Sitting alone and sipping coffee, the MIT-educated political scion of the illustrious Kumaramangalam family talks over phone with supporters to make last-minute changes in campaign schedule.
His father Rangarajan Kumaramangalam represented the constituency from 1984 to 1996. He later joined the BJP and was elected from Tiruchirapalli in 1998 and 1999.
The family is well known, but Mohan is not the frontrunner and has no pretensions he is. Over the last one-and-a-half decades, political preferences of the constituency in northwest Tamil Nadu have dramatically changed, moving towards AIADMK.
Salem is perhaps the only constituency in Tamil Nadu where candidates of all major parties are debutants. DMDK candidate L Sudeesh is a brother-in-law of DMDK chief Vijayakanth and is considered one of the brains behind the BJP-DMDK-PMK-MDMK alliance. He is banking on the “Narendra Modi factor” and caste equations.
Caste plays a major role in Salem, at the edge of the Vanniyar belt in the northwest. The result is unpredictable with a likely division in Vanniyar votes.
The AIADMK holds the Lok Sabha seat and five of the six assembly segments, and has fielded a Vanniyar, V Panneerselvam, to take on Sudeesh whose DMDK counts Vanniyars as its support base along with intermediary castes.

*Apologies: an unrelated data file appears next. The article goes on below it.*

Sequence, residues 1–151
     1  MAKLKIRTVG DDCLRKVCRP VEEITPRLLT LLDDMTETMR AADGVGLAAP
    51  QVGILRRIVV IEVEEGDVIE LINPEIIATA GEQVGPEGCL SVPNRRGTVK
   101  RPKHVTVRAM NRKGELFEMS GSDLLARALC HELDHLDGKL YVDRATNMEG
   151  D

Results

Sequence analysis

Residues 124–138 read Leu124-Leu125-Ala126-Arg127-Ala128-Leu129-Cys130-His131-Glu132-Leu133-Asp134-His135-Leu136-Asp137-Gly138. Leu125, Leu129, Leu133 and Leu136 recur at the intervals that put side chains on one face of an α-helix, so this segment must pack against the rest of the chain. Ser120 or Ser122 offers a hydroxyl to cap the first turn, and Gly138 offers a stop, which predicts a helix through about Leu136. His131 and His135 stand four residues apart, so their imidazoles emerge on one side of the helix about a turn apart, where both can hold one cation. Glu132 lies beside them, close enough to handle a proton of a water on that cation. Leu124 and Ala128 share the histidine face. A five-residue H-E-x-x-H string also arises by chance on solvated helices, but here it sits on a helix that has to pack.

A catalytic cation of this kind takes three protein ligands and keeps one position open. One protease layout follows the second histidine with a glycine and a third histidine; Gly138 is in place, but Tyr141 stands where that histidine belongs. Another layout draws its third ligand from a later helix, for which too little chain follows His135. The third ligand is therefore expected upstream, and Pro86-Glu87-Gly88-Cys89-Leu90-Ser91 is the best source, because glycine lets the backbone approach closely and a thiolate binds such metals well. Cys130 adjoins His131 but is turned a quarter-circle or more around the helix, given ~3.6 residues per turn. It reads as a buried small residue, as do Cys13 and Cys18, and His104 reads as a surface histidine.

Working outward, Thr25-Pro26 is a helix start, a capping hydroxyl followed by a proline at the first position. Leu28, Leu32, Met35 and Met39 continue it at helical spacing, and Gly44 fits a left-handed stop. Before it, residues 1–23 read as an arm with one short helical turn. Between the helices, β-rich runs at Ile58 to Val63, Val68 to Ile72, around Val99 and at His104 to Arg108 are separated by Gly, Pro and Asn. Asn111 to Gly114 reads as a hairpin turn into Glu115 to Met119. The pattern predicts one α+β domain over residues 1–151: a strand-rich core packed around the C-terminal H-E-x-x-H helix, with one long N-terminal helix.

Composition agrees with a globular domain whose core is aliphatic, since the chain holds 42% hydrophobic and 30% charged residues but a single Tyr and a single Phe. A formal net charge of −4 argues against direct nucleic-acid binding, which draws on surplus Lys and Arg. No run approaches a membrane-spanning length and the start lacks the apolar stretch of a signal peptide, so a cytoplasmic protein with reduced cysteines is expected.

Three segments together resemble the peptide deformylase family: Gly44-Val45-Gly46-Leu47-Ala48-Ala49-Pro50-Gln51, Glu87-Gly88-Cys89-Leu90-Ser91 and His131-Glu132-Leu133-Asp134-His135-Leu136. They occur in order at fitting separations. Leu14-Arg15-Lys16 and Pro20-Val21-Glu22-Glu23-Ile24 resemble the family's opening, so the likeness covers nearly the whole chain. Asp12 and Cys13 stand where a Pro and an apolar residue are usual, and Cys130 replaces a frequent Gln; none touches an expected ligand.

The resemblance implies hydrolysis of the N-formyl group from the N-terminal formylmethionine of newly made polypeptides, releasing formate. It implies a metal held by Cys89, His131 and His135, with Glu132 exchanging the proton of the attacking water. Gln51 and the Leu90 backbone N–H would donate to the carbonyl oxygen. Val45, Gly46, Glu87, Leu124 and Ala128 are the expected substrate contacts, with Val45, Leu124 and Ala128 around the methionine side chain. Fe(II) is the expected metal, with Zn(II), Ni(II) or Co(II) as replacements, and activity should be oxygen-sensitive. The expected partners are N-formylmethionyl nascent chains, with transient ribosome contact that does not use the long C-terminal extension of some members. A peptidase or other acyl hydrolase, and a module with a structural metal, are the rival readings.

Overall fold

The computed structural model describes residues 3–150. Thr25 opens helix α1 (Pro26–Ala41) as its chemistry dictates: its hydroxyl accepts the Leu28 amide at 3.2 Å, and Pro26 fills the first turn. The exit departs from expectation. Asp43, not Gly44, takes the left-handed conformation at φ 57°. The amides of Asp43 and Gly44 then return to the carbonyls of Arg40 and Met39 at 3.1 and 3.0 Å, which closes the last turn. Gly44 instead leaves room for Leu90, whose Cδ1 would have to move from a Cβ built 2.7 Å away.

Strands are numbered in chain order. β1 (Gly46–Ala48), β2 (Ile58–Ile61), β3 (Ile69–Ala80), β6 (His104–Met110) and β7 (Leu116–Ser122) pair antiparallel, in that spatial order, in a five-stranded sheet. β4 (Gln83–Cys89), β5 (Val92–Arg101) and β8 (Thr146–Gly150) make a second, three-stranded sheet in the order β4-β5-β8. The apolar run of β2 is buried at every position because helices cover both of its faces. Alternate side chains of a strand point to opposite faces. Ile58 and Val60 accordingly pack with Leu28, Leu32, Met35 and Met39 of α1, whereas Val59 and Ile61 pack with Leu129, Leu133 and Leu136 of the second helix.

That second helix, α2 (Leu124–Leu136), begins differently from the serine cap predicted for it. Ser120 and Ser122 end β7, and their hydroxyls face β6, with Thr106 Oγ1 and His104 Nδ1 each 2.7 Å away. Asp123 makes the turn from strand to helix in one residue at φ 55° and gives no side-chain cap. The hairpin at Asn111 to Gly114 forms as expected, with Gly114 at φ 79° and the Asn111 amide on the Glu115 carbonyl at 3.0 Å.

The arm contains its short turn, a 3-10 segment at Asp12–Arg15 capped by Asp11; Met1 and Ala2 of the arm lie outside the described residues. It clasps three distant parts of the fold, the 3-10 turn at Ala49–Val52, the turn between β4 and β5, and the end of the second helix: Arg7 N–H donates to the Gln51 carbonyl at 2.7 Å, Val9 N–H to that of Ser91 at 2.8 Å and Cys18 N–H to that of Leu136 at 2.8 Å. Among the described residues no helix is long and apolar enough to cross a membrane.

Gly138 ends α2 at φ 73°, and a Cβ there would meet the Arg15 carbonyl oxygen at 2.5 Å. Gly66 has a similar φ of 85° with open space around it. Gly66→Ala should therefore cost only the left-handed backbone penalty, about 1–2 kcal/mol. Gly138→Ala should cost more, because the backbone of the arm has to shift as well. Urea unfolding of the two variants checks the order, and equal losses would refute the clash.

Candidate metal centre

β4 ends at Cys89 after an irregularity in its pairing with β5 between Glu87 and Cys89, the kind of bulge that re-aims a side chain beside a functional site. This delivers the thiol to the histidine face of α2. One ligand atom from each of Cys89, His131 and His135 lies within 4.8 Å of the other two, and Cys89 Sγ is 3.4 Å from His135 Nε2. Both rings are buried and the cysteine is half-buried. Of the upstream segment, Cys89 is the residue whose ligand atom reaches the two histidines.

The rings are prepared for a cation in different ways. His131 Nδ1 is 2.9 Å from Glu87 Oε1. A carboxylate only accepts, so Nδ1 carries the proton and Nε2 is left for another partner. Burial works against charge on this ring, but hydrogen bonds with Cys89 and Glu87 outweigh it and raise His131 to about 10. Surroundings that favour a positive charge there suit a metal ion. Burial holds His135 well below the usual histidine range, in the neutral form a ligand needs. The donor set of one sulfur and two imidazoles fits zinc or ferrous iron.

It is a prestige battle for Vijayakanth. He had brought in Modi to address a public meeting Wednesday, and CM J Jayalalithaa is Modi’s bitter rival. Against this backdrop, it is not the debut Mohan would have wished for. Undeterred, he argues caste will play little of a role. His DMK opponent Umarani has the same view.
Vanniyars form 30 to 35 per cent of the vote base, followed by Dalits and a mix of Goudars, Naidus, Thevars, Chettiars and Mudaliars.
“The majority are obviously Vanniyars. But only three or four of the last 13 MPs have been Vanniyars. Salem is half-urban. You are discounting that. Salem has been known for picking minority leaders as MPs including my father” Mohan Kumaramangalam says. He hopes urban votes will support a “young, educated person with ideas.”
“I had stiff opposition,” he says. I didn’t seek the support of any leader per se. That happens in every party including the Congress. But in this election, everyone is working together. There were frequent tensions because the groups are so polarised. But everyone is trying to work together. Congressmen also felt that after 16 years, we can have a shot to show what our real strength is.”
Does he plan to stick to politics if he loses? “I will come back and I have already spent most of my time building a base in Salem. It has been almost a kind of a fulltime job,” he says. “I run a consumer goods company with my wife. It is a baby products company. But it is not something that takes up 60 per cent of my time. It is more like a 40 per cent job. Now after this election, depending on what happens, we will decide what the next step is.”